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Navigating Custody Battles:  Understanding Legal and Physical Custody 

For most parents who find themselves in the unfortunate situation of fighting over custody of their children in court, it can be one of the most emotionally taxing experiences of their lives. On top of an already draining experience, it can be overwhelming for any non-attorney to fully understand the applicable legal nuances and vocabulary. Some of the intimidation inherent in going to court can be alleviated by familiarity with what is truly meant by the term “custody.”

Legal custody is the right to make major decisions about your child. Decisions that are “major” are typically considered decisions involving your child’s education, medical care, and religious upbringing. There is a strong preference for both parents sharing joint legal custody; sole legal custody is typically only appropriate where it has been made extremely clear that the two parents cannot communicate in any civil or productive way. For example, where one parent has been abusive towards the other, or has outright refused to communicate with the other parent about the child.

Joint legal custody may be preferable and appropriate, but it does leave open the question of what to do when the two parents do not agree. Often, the parents will be required to first have meaningful discussions about the decision at hand. If they still cannot reach an agreement, they might be directed to rely upon the opinion of a professional (for example, if it’s a medical decision, the child’s primary pediatrician or applicable specialist), or they may need to engage a professional mediator. Alternatively, one parent may be given final decision-making power. This power is often given to the primary physical custodial parent (the other type of custody), or each parent could be granted final decision-making power in one or two “spheres” of decision making – for example, dad could have final decision-making authority about education and religion, while mom has final decision-making authority over medical decisions.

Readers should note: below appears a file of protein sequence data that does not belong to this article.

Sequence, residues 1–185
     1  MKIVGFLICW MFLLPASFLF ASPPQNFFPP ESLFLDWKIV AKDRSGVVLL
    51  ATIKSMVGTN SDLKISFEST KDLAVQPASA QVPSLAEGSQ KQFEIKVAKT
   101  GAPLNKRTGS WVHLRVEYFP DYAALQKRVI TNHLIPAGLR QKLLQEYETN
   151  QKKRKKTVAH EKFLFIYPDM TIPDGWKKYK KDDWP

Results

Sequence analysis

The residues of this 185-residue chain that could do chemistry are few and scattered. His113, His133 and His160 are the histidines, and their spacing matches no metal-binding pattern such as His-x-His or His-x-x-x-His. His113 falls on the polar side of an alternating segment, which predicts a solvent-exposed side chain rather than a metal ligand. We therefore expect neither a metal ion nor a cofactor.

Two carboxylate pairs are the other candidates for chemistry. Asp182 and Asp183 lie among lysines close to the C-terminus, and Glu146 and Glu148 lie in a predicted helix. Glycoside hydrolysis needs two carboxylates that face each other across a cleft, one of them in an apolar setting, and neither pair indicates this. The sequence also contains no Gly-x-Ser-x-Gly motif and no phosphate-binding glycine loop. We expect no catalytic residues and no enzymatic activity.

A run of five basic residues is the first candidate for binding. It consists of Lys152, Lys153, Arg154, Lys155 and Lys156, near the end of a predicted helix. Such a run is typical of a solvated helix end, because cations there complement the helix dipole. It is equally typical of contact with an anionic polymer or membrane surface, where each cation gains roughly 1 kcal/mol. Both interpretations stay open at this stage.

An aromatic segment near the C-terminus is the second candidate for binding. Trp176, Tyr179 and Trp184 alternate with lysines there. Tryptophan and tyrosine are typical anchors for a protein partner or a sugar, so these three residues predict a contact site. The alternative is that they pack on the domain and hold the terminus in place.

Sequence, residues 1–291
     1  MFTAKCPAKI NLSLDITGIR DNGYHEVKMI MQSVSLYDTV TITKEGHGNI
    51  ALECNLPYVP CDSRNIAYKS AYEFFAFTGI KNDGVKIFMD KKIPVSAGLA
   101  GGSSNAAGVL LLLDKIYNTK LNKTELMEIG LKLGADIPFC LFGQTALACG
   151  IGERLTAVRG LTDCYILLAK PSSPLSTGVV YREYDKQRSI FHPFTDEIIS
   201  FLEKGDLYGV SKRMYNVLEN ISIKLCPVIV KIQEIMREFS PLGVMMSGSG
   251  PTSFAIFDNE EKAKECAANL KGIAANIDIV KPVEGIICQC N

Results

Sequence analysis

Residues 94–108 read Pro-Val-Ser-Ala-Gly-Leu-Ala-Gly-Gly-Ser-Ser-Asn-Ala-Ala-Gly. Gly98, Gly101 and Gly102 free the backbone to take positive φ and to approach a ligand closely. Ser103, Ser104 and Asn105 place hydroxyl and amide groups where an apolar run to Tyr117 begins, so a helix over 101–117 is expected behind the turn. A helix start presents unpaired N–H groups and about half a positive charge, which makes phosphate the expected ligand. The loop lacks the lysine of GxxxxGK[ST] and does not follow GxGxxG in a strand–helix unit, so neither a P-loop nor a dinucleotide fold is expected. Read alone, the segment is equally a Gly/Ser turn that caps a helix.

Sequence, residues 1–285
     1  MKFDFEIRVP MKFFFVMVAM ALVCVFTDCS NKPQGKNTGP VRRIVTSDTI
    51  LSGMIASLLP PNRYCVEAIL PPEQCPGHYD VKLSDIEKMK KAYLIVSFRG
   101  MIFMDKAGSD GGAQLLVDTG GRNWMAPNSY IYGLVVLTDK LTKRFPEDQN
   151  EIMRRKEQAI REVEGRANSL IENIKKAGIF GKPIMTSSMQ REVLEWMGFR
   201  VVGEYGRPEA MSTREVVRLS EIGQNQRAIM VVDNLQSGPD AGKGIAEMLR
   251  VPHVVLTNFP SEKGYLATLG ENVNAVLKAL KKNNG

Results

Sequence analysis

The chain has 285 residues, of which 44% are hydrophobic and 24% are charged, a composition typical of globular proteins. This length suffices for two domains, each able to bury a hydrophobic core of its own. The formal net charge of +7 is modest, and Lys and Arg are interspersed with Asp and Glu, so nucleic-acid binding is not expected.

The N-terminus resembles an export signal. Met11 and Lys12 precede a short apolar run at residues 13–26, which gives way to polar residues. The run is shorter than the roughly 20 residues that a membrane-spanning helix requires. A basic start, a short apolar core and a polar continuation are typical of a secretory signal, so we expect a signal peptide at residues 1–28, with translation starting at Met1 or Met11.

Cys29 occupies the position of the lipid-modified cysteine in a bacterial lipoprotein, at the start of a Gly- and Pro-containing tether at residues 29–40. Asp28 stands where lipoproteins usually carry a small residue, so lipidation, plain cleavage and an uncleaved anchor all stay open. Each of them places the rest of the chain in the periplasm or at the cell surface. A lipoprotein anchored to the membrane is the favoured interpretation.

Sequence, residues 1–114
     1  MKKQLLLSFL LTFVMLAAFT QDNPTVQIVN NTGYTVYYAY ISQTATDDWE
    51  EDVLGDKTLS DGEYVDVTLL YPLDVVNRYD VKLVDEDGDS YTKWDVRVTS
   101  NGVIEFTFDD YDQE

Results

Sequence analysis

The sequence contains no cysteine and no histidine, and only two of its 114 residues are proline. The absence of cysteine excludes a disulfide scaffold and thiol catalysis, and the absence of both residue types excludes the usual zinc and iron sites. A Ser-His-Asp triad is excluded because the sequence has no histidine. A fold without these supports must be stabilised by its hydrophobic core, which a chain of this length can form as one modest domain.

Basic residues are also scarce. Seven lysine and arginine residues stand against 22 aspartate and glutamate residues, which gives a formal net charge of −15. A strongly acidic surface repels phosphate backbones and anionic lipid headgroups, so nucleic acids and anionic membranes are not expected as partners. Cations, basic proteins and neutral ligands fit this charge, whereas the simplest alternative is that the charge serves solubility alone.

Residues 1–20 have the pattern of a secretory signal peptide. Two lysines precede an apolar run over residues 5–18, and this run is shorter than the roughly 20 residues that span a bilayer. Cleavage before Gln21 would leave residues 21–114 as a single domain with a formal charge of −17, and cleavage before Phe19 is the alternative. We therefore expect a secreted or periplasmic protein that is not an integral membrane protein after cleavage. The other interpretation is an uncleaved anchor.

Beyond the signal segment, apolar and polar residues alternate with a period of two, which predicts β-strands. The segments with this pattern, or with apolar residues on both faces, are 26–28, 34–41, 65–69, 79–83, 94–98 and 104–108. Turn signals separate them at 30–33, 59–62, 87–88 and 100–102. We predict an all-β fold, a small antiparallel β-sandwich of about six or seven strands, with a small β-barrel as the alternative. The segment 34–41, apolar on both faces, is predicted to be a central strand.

Regardless of how legal custody/major decision making is structured, the unhappy parent always has the right to seek judicial intervention to reverse or stop the unilateral decision of the other parent, if the court finds it would be in the child’s best interest.

Physical custody is which parent the child primarily resides with, subject to the other parent’s visitation rights. This is often the more contentious part of the full custody determination. If the parents cannot agree which parent should have primary physical custody, the court will consider a variety of factors set forth in the Domestic Relations Law before deciding what would be in the child’s best interest. The non-custodial parent will be obligated to pay child support to the custodial parent.

A true 50-50 split of joint physical custody is only appropriate where the parents live close by, preferably within the same school district. If the parents do not live in the same school district, one parent’s residence should be specifically designated the residence to be used for the child for school purposes. Many judges will not order joint physical custody if the parents leave custody to be determined at a trial – if the parents can’t even reach an agreement on who the child should primarily live with, then joint physical custody is probably not in the child’s best interests.

This is not to be considered legal advice.  Please reach out to an attorney for information regarding your specific situation.


Rebecca C. Johnson is an Associate concentrating in matrimonial and family law.
She can be reached by phone at 845-764-9656 and by email.

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